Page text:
Calls for papers or participation: Workshops at JURIX 2014: International Conference on Legal Knowledge and Information Systems

Calls for papers or participation have been issued for four workshops to be held in conjunction with JURIX 2014: International Conference on Legal Knowledge and Information Systems, to be held 10-12 December 2014 in Krakow:

NAIL 2014: International Workshop “Network Analysis in Law”

  • Submission deadline: 10 November 2014

SW4Law 2014: International Workshop on Semantic Web for Law

  • Submission deadline: 2 November 2014

CMNA14: International Workshop on Computational Modeling of Natural Argument

  • Submission deadline: 31 October 2014

MET-ARG2014: International Workshop for Methodologies for Research on Legal Argumentation

  • Early registration deadline: 17 November 2014

For more details, please see the calls.

HT Rinke Hoekstra and Radboud Winkels

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Legal informatics papers at ICEGOV 2014

Several papers on legal informatics or legal data analysis are scheduled to be presented at ICEGOV 2014: International Conference on the Theory and Practice of Electronic Governance, being held 27-30 October 2014 in Guimarães, Portugal.

Here are the legal informatics or legal data analysis papers that I’ve been able to identify:

  • Lyudmila Bershadskaya, Andrei Chugunov, and Elena Golubtsova (ITMO University, Russia): Measurement Techniques for E-Participation Assessment: Case of Russian E-Petitions Portal
  • Davide Carneiro and Paulo Novais (Universidade do Minho, Portugal): Making Justice More Accessible
  • Nishtha Madaan, Kamalakar Karlapalem (Center for Data Engineering, India) and P. Radha Krishna (Infosys Labs, India): Consistency Detection in e-Contract Documents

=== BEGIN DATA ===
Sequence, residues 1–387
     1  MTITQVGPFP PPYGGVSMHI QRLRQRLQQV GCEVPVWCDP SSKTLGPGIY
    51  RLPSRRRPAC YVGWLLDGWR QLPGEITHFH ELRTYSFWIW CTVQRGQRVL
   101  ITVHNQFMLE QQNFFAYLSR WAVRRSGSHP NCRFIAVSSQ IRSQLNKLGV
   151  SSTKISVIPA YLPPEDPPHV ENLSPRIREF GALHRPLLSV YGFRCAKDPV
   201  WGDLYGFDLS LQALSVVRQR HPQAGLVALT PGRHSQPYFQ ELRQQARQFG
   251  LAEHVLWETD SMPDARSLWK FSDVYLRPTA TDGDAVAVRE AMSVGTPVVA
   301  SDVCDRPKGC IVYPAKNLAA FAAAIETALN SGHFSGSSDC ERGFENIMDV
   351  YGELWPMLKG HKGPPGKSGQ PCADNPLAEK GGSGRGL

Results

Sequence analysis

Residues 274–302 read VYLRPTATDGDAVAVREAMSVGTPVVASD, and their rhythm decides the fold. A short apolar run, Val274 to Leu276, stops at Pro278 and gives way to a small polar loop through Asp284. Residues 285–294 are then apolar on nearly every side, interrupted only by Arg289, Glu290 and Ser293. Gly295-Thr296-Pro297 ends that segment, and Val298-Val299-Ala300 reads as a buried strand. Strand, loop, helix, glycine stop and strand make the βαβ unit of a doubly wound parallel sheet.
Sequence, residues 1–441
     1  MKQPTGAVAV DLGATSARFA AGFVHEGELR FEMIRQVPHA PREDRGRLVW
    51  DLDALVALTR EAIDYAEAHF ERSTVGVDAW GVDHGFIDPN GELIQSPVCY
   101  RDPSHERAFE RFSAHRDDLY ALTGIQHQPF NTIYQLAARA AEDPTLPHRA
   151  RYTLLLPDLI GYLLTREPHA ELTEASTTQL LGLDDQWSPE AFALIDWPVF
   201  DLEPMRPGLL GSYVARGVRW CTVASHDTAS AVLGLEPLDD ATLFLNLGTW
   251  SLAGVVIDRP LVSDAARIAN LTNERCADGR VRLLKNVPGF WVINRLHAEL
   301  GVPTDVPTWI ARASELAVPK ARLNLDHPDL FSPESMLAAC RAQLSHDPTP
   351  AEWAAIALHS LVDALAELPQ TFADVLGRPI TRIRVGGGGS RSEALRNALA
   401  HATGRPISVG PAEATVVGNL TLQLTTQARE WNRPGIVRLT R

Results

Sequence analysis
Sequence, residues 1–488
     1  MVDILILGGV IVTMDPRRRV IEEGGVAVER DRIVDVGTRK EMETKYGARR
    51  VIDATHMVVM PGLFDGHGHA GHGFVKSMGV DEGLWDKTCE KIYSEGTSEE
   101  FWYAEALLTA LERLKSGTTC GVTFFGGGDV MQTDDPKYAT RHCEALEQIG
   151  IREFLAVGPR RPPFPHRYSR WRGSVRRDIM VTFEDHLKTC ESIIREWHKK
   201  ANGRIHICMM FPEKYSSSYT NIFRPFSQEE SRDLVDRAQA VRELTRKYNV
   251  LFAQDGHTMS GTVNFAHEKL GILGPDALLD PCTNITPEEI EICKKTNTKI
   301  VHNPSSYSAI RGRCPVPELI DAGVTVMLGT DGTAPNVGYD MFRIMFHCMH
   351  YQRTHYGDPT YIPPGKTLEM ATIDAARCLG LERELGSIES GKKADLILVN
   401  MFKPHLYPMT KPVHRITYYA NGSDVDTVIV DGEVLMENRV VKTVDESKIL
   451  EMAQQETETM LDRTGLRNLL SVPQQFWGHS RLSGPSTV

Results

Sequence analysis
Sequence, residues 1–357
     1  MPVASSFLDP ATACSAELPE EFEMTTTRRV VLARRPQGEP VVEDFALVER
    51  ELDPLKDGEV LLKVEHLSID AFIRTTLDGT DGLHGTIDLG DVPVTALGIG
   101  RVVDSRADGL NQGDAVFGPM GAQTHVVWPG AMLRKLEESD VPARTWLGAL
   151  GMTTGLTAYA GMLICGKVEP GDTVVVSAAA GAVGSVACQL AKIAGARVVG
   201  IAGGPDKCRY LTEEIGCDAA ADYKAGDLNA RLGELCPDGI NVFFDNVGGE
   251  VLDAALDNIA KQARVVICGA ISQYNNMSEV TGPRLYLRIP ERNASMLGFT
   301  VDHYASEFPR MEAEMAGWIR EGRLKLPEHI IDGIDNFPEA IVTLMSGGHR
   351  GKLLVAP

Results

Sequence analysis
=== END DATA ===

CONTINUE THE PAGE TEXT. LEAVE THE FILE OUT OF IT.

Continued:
• Lina Marcela Morales Moreno (Ministry of Information and Communication Technologies, Colombia), and Javier Orlando Torres Páez, Adolfo Serrano Martínez (Colombia Digital Corporation, Colombia): A Government IT-focused e-Procurement Strategy for Colombia
  • Niels Netten, Susan van den Braak, Sunil Choenni, and Erik Leertouwer (Research and Documentation Centre, The Netherlands): Elapsed Times in Criminal Justice Systems
  • Prabir Panda (MN National Institute of Tech, India), Ganesh Sahu and Babita Gupta (California State University, United States of America), and Vidyadhar Muthyala (Government of Andhra Pradesh, India): e-Government Procurement Implementation in India: Two Comparative Case Studies from the Field

For abstracts or full text of papers, please contact the authors.

If you know of other legal informatics papers being presented at ICEGOV 2014, please let us know in the comments to this post.

Twitter hashtags for the conference include #icegov and #icegov2014

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Link Rot, Legal Citation and Projects to Preserve Precedent: Conference: Storify, links, and resources

Link Rot, Legal Citation and Projects to Preserve Precedent: 404/File Not Found, a conference, was held 24 October 2014 at Georgetown University Law Center in Washington, DC, USA.

The conference Website and program are available at:

One Twitter hashtag for the event was: #linkrot

Click here for a storify of images and Twitter tweets from the event.

Here is a description of the event, from the event’s Website:

The Web is fluid and mutable, and this is a “feature” rather than a “bug”. But it also creates challenges in the legal environment (and elsewhere) when fixed content is necessary for legal writers to support their conclusions. Judges, attorneys, academics, and others using citations need systems and practices to preserve web content as it exists in a particular moment in time, and make it reliably available.